In preparation of the Winter Olympic Games 2014 in Sochi, we helped the Swiss newspaper Neue Zürcher Zeitung publish a long-form article about Iouri Podladtchikov, a professional snowboarder and – since yesterday – freshly baked Olympic gold medalist. To help readers better understand the sport and its terminology, we created a series of illustrations and an interactive animation in collaboration with scientific illustrator Roland Ryser, who brought a unique visual style and a didactic background to the project.
Our main goal was to explain how the Cab Double Cork 1440 works, the trick Iouri invented and aptly named the YOLO flip. “Cab Double Cork 1440?” This insider vocabulary confused us as well, so we wanted to provide the readers with a short introduction to snowboarding. We started with showing the context – the half-pipe where everything takes place – and visualized the numbers that are mentioned in the text using a Swiss train composition.
To teach readers what they should look out for in a snowboard trick, we chose to create animations of three distinct tricks that show the basic ingredients: flips, twists and style. A bit more snowboarding terminology: these are, from left to right, a Backside Air, a Frontside 900 and a Frontside Double Cork 1080.
To make the YOLO flip itself tangible, we combined several techniques to guide the reader through the trick, but also allow them to explore it at their own speed. Here are some decisions we made. If you want to follow along, it’s best if you open the visualization in another window.
The first thing a reader sees is an overview of the jump so they get the whole context of what’s happening. By showing ghosted keyframes, we can take the time dimension out of the equation, making it easier focus on position in space.
By providing a guided tour of the trick, the reader learns what to look out for. This way, we can also highlight important moments of the jump, that the reader can later revisit and explore.
By zooming in on just the body of the performer, we can keep out unnecessary distractions like the half-pipe and viewers. But more importantly, we can remove the position-in-space dimension, so readers can focus on the rotations of the snowboarder’s body over time instead of tracking him in the air above the half-pipe.
With the two displays that monitor flips and twists, we let the reader know that these movements are important to observe. If you watch a video of a jump and know nothing about these two movements, all you will see is whirlwind of arms and legs. Because these displays reflect the current rotation around one body axis only, a reader can learn to observe rotations individually instead of all mixed together and apply this to other snowboard tricks as well.
To get a “feel” of the jump, a reader can scrub through the video frame-by-frame to go back and forth at their own speed and repeat certain movements to observe them from different viewpoints.
The video itself
To get a feeling of how fast this jump actually happens and under what conditions, the frame-by-frame animation can be expanded into the original video, that shows how it all happened in real-time.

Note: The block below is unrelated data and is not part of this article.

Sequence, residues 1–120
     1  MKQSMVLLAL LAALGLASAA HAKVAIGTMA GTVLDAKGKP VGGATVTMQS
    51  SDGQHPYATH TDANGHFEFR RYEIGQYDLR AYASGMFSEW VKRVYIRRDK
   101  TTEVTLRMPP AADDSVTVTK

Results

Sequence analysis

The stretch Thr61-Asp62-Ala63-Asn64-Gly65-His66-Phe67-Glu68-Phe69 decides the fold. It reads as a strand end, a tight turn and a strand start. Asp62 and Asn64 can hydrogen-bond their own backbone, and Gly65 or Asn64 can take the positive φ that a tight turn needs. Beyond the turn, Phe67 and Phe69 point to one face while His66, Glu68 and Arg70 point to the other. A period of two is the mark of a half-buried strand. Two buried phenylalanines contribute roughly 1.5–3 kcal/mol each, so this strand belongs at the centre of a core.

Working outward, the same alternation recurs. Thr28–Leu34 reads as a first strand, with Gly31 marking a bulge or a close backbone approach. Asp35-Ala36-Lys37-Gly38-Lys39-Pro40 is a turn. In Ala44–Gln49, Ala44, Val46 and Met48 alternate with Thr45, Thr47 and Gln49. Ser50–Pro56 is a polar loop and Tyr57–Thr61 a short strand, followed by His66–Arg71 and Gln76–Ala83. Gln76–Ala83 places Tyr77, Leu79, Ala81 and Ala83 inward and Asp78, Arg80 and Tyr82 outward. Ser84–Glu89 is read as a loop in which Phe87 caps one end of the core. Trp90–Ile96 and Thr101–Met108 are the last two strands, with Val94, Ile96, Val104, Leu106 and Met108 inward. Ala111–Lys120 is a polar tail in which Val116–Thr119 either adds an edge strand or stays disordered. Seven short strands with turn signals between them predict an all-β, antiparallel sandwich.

This leaves us with with the fully interactive interface:
The most difficult part of producing this visualization was bringing it all together into a package that lots of people with different technical backgrounds can enjoy and understand. We started out with having a top navigation and three different screens: an introduction, a video player, and the interactive part. This didn’t feel right, because the parts were too separate and not as discoverable. We then considered using a toggle to switch between modes, but again, this was hard to discover. Through playing with our own visualization, we discovered that the different pieces of content worked quite well as target areas to toggle the different modes. This felt right, as it allowed for both guided interaction and accidental exploration. Try it yourself!
To produce the YOLO flip visualization, we worked a lot with design sketches, storyboards, and prototypes. We used Final Cut Pro to track the snowboarder, then exported this video as still images to play with it. We put one d3 prototype online for you to play with and see how the scrubbing part was done.
Because we’re not used to extracting rotations in a snowboard jump ourselves, we built a small script that allowed us to track the snowboarder’s rotation in space during each frame of the video. We did this by holding our iPhone in a similar position to the snowboarder in the video and sending the gyroscope data to our computer using the SensorLog iPhone app. This way we were able to track pitch, roll and yaw data for each frame and understood the movements better. We planned on using this data in the visualization, too, but because the individual axis-rotations are really all interwoven, we had to adjust the rotation data slightly to provide better visual matching, although it’s not quite correct.
If you’re interested in more than just the YOLO jump, head over to the original article and read more about Iouri Podladtchikov.